Part 1 – Understanding “Selection Effects”
from MasonARC’s 3 Part Series: The Fundamental Questions of Arts Education and Causal Outcomes.
This post is by: Alenamie Alegrado and Dr. Adam Winsler
Many people believe that the visual and performing arts (music, drama, dance, visual art) make kids smarter and cause them to perform better in school. We are likely all familiar with the idea that if you put a child into violin lessons at age four (and they stick to it), the child will grow up to be an overachiever, perhaps a math whiz, genius, scientist, doctor, or professor. Is this true? Does exposure to the arts actually make you gain cognitive skills?
It turns out that answering this question definitively is harder than it seems. It is very clear that there are positive associations or correlations between arts exposure and positive child outcomes. Kids with more exposure to the arts do better in school and get higher SAT scores, on average, than those with less exposure to the arts. If one simply compares the kids who have been in the school orchestra for 6 years to those who haven’t on a cognitive test, the orchestra kids will outperform those not in orchestra on average. But does that mean that the musical experience caused the child to be smarter or be a better student? Not necessarily.
Let’s think about our child violinist some more. Early in this child’s life, someone believed this child should be enrolled in music lessons, found a violin teacher, and made it happen. This child had a family who could afford a violin and pay for expensive private lessons for years. Additionally, this child has at least one parent(s) who have the time, desire, and means to drive to (and pay for) music lessons. This family is also likely to go to many musical concerts, plays, museums, and trips to the library and have parents with higher education. One can assume that this is a family with social and financial capital.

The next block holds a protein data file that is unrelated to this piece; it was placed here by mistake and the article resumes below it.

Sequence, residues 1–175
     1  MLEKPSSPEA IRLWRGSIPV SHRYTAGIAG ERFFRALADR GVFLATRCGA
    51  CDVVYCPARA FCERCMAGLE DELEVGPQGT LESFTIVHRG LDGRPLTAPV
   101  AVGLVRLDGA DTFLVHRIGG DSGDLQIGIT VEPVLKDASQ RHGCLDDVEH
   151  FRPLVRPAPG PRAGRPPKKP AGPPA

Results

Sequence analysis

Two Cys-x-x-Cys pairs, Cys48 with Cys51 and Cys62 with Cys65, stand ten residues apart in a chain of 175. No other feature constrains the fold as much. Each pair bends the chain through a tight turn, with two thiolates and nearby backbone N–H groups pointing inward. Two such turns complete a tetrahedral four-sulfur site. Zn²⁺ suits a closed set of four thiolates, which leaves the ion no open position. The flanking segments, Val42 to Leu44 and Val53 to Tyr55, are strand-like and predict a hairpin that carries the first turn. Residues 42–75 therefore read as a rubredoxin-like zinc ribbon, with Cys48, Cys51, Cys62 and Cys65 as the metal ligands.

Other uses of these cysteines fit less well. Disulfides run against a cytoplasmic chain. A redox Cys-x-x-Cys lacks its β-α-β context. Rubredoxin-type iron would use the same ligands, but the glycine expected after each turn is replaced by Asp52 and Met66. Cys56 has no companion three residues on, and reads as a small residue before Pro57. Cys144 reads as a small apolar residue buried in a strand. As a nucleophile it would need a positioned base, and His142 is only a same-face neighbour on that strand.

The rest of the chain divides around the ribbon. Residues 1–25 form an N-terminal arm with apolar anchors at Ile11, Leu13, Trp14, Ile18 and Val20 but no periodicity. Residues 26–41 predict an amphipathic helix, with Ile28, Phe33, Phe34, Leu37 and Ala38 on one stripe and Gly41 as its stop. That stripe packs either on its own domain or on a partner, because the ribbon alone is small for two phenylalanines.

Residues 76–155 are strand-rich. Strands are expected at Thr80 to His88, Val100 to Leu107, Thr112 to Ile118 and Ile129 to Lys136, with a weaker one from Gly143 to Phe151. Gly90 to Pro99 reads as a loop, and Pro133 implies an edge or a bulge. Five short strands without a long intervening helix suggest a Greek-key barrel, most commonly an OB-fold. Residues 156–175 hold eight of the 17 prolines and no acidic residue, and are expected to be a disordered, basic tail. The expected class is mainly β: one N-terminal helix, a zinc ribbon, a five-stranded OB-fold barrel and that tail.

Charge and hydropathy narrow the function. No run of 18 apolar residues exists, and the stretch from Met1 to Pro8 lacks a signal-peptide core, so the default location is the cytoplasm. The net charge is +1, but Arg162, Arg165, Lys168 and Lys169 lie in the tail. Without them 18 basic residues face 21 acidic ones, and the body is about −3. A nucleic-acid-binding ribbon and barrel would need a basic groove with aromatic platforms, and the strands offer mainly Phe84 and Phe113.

Children who grow up in well-educated, two-parent, affluent families have certain advantages that help them do well in all aspects of life, including academic performance in school. Growing up in a home where parents spend time, resources, and energy nurturing growth, providing verbal and cognitive stimulation, helping with homework, and perhaps even hiring a private tutor increases the chances that children will be exposed to the arts AND do well academically in school. If our anecdotal child violinist grew up in such a family, it is more likely that s/he would have done pretty well in school and would be on their way to a 4-year university even if they never took a violin lesson, dance class, or any other type of arts training.
The question persists, then, did playing the violin at age 4 lead to academic success or did our anecdotal child have an academic advantage early on? This is a difficult problem for researchers. Fortunately, there are methods of examining the effects of arts that take into account pre-existing differences in child background (post #2 in this 3-part series). Before we start comparing existing arts students to non-arts students on child outcomes, we have to understand who has access to and who is choosing to engage in arts as a child and who is not. The many ways that arts engagers and arts non-engagers are different before the arts experience takes place are called selection effects.